Many people have trouble with the support structure for the throat and neck, and these top of chest, shoulders, and upper back muscles and spinal alignment issues can be difficult to get rid of.

Additionally, these are locked in placed by the excessive tension in the throat.

advanced posture-effect concepts

July 11, 2009

Nose–less strain on nasal muscles (e.g. effort, strain, disgust).    In addition to singing better, this will make breathing easier.

Eyes–less intense around eye muscles. Result will be better 3D perception and more color intensity. Audience perceive singer as less strained and more relaxed. Also ties into nasal muscles

Principles here are the same–more relaxed the muscles, better physiological results and better singing.

The strained efforts seen frequently on singers can have emotional stage impact, but for better range still, more relaxed face and nose can create higher range sounds.

anger, sorrow and side of throat muscles

June 18, 2009

These side of throat muscles frequently express anger and sorrow; subjects that pop songs frequently deal with. When overly taut, these muscles can be sublimated to sing anger and sorrow well, however, these are the opposite muscles (constrictor muscles in Alan Greene’s terms) when singing happy and many smooth sounds.

When detensing, losing the excessive tension of these side of throat muscles can throw off prior acquired singing skills built up around these. In this way, Alan Greene’s assessment of silence while learning how to sing–otherwise, reinforcing the constrictor muscles, is correct. However, the length of time it takes to detense these constrictor muscles can be months to years; so VocalPosture.com believes it is better to utilize their sublimation while tensed.

In detensing these side of throat muscles, one imagery technique is to think of the chin pulling down, instead of the side throat muscles near the chin pulling down. 

The side of throat muscles tension are particularly difficult to rid.   A trigger point therapy bood mentions that throat trigger points are particularly difficult to rid, if impossible.   VocalPosture.com suggests using yoga cobra with also another (don’t know name), which looks like a cobra in reverse, with the front toward the ceiling and upper arm with elbow base supporting the upper chest.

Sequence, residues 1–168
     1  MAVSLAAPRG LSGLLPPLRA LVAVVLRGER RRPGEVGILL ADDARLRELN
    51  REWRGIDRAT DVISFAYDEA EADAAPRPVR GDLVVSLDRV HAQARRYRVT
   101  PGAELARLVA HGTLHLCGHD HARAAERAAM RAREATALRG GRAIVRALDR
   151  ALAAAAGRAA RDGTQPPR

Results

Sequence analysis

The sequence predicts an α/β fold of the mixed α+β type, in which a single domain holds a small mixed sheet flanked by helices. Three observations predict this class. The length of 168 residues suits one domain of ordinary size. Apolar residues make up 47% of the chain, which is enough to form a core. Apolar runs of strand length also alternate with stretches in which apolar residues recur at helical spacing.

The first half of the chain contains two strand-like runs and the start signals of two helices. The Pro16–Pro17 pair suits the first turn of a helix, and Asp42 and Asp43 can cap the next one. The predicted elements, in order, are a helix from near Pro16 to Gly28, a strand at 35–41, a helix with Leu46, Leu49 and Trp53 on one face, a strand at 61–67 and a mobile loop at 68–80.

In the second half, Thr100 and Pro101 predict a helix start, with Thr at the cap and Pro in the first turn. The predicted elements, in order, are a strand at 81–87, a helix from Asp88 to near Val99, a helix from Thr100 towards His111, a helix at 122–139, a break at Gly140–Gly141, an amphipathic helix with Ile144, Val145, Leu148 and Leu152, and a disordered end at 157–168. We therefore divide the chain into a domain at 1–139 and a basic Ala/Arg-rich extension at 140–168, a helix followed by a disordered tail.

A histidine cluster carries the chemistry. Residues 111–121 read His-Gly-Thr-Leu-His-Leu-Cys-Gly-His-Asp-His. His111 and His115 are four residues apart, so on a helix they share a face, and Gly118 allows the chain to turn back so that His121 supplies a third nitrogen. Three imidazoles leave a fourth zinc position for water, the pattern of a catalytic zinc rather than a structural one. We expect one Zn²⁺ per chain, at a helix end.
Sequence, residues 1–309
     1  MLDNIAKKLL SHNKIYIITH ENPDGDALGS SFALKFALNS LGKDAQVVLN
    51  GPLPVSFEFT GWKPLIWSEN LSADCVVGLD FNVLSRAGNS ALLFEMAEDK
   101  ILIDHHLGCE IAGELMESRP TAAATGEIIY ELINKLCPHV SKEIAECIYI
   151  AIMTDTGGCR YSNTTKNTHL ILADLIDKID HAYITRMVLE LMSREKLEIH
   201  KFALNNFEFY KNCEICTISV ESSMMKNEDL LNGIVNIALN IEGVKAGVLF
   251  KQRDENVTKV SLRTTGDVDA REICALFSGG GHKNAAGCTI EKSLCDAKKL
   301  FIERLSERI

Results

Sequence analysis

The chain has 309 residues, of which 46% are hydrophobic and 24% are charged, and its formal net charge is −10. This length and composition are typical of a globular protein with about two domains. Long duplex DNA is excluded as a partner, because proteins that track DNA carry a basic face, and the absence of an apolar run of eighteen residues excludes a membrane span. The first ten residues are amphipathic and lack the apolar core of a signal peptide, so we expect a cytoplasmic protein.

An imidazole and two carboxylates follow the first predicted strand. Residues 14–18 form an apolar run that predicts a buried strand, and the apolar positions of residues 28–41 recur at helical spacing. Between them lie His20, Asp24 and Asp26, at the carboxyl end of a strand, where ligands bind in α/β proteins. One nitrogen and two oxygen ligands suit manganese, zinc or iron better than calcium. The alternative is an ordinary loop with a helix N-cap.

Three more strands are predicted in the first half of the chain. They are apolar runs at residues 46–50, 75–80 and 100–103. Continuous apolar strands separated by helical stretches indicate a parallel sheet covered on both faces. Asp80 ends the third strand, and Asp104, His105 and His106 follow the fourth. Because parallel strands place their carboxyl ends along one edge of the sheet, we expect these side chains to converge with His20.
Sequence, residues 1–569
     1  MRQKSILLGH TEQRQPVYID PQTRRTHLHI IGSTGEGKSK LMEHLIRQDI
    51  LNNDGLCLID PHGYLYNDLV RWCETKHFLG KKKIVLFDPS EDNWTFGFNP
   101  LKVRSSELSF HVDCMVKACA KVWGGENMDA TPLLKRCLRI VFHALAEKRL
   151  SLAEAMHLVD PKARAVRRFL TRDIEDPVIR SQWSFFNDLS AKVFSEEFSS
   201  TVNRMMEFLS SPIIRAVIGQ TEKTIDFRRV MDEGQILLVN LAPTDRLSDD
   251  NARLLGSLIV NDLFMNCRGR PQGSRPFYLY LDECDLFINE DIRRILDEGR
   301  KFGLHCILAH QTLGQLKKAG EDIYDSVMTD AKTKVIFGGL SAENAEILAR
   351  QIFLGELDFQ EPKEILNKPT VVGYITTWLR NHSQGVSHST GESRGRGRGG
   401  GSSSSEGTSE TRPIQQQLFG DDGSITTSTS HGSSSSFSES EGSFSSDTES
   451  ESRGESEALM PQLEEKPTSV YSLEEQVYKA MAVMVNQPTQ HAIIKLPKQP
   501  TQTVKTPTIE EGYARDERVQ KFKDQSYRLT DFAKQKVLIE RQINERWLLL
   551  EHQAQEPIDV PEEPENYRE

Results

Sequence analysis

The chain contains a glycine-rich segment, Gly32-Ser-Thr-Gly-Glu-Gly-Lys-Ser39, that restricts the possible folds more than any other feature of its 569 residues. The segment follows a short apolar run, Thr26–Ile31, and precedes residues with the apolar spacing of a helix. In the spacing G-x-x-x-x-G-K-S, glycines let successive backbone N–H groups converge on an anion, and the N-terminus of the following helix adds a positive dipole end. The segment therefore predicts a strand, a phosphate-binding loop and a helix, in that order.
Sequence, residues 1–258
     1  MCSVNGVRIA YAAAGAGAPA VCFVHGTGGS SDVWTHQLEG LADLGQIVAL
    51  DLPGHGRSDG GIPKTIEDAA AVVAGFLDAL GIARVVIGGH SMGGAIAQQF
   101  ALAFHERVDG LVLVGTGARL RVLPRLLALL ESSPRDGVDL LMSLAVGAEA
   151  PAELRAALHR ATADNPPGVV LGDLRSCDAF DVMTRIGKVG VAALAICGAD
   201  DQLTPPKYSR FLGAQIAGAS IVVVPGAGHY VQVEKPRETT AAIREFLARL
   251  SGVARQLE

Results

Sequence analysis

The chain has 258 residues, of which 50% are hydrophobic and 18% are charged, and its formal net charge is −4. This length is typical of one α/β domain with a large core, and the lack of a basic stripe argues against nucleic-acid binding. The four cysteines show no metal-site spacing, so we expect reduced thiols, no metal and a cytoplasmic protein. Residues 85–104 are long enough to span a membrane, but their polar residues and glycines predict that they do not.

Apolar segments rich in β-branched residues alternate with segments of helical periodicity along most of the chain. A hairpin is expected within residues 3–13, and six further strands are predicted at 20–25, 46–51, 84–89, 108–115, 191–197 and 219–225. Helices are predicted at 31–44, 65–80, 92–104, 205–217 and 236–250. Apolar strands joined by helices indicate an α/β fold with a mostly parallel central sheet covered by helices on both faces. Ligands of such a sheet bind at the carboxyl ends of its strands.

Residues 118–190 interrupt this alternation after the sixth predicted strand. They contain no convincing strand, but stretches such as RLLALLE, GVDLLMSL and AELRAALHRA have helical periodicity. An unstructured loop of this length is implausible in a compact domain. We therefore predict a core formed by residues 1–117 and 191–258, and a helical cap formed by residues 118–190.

Chen Sun

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Mouth and voice

May 18, 2009

The idea here, in the mouth region, is again, to release the tension, but after it is released, the objective is rapidly moving, freer mouth structure, not a great resonanting vocal structure (as suggested by Alan Greene). This will sound more natural.

Feet

May 16, 2009

Fixing your posture starts at your feet. Very few people are completely symetrical, so the first question is is one side of your body taller than the other? If so, you may want to wear lifts on one side to balance. The new type of gel shoe lifts can be purchased economically, and simply inserted into the shoes.

Sandals are difficult to handle–Croc sandles work well here, because they have an edge that will help hold the gel insert.

The upper front chest

May 12, 2009

In addition to straightening the spine from the back, the upper front chest has to be pulled up. This also pulls up the rib cage. The result is better lows and the head also better balanced–for better highs.   The side of throat muscles need to be released of tension as well.